But I also realize that it is a small corner. I almost never read the comments below stories anywhere else because they can depress me to the point where I don't want to leave the house.
Well, I read Tara's recap of the Augusta National saga. And the thing that struck me about it was its undeniable reasonableness. There was no shouting in it. No exclamation points. No Norma Rae sign holding. There was not even any anger, and she deserved some anger. You could tell, without even knowing Tara, that she wished more than anything that this hadn't happened. You could tell that she wanted nothing more than being allowed to do her job. You could tell by the simple way she explained what had happened.
She was in our group of reporters following Rory McIlroy into the locker room -- I did not see her, she was apparently in the back of the group. She was stopped by a female security guard and told she was not allowed in. Tara tried to explain that she needed to go in, that this was her job. She was told again no. She looked for a Masters official and could not find one. She did not make a scene. She did not start a fight. She simply waited outside and, as I saw, got the quotes from Bill Plaschke. Other reporters offered her the quotes as well.
Then she went back to her desk and tweeted this: "Bad enough no women members at Augusta. But not allowing me to join writers in locker room interview is just wrong."
That's all. A simple tweet. Tara was all so utterly reasonable that people around her want to be ANGRY FOR HER. In her recap, she gave Augusta National a full opportunity to apologize and call it a misunderstanding. And in fact when Augusta DID apologize, Tara broke away from her deadline story (she wrote a fine piece about McIlroy) and gave Augusta National two tweets.
In her wrap-up, she explained -- as she should not have to explain -- that barring a woman from doing her job in America is illegal (she didn't even get into it being immoral). She did not explain that there was nobody else in the locker room, and that McIlroy was only going in there to pick up some mail and things. She was not just fair in her recap, she was OVER THE EDGE fair, like a referee swallowing the whistle in the final minute of an NBA game. I don't see how there could be any reaction other than "Good on ya, Tara."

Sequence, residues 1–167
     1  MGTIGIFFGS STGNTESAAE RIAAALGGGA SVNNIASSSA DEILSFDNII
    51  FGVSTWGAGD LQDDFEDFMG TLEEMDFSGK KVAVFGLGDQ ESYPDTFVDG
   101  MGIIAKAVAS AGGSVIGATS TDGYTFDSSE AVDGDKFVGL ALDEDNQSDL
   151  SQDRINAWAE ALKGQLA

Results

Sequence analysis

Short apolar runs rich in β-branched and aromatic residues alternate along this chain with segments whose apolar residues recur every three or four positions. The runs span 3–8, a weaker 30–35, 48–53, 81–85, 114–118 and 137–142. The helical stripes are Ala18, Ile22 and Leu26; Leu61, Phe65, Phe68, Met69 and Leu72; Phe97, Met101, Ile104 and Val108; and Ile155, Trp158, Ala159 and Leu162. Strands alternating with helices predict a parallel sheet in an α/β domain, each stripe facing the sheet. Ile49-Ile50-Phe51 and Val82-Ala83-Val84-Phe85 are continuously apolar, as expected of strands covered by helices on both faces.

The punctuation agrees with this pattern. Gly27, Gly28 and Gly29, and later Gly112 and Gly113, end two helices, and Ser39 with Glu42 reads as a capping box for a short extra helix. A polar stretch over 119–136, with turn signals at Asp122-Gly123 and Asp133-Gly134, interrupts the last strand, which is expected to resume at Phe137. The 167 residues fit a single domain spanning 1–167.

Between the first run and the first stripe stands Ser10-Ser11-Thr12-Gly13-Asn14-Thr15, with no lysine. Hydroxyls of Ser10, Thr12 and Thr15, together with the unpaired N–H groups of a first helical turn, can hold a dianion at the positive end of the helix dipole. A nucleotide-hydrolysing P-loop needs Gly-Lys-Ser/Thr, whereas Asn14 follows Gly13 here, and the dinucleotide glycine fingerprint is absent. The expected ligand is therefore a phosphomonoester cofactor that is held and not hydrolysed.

The second comment below her story asked if men are allowed in WNBA locker rooms (of course we are).
The third comment had the amazing sentence, "This nonsense about equality goes a little too far sometimes."
The seventh comment questioned why Tara wanted even more information, as if her reporter instincts were off.
The ninth comment appeared to be a word representing someone crying.
A comment from the much-beloved philosopher Shortbusdriver, makes the perfunctory point: "You got what you needed. End of discussion."
There you go. Shortbusdriver says, "End of discussion." That pretty much closes this thing out, right? Hey, Shortbusdriver said so. There are others like that, angrier and angrier as they go. And some of the comments, at least according to one commenter, were taken down. I can only imagine how bright those comments must have been.
I know that Tara has gotten a lot of support from people. I know many, many people have contacted her to stand with her. Still, I wonder sometimes what these comments say about the world where we live. I wonder how Shortbusdriver or anyone else would handle that sort of open, in your face discrimination ... being told openly that you are not worthy of the same rights as everyone else, you cannot do your job like everyone else, because, after all, you are a woman or black or Jewish or Catholic or blue eyed or Harrison Ford. I wonder because, hey, these people are this angry NOW ...
Last week, when Butler played VCU during the Final Four game, I happened to be sitting near a very loud Butler fan. And all game long he screamed at the officials. It was non-stop. "Where's the traveling call, ref? ... How could you miss that foul? ... That's over the back ... When are you going to call this thing fairly? ... Why won't you let them play? ... When are you going to make a call?" On and on and on and on. I've heard people yell at officials pretty much all my life, but I can never remember hearing anyone so determined.
At some point, I started to wonder what motivates someone like that. What could possibly keep him screaming? Is he unhappy with his life? Does he have terrible frustrations he needs to unload? Is he an amateur referee who simply cannot abide bad calls? As the game went on, it became clearer and clearer that Butler was going to win, but his anger to the referees never subsided. It never even diminished. In the last minute, with Butler up by nine, he was still yelling at the referees, just as loud, just as intently, with the same fury.
I was pretty close to going up to him to ask why he kept yelling. I was really interested. But I had work to do and anyway I suspect he wouldn't have given me much of an answer. He might have punched me in the face. He probably would have thought I was making fun of him. But I was really curious and I am really curious: What is it that drives people to be so angry? Maybe it's just the fog of the times. Maybe, in the end, we all just want to be heard.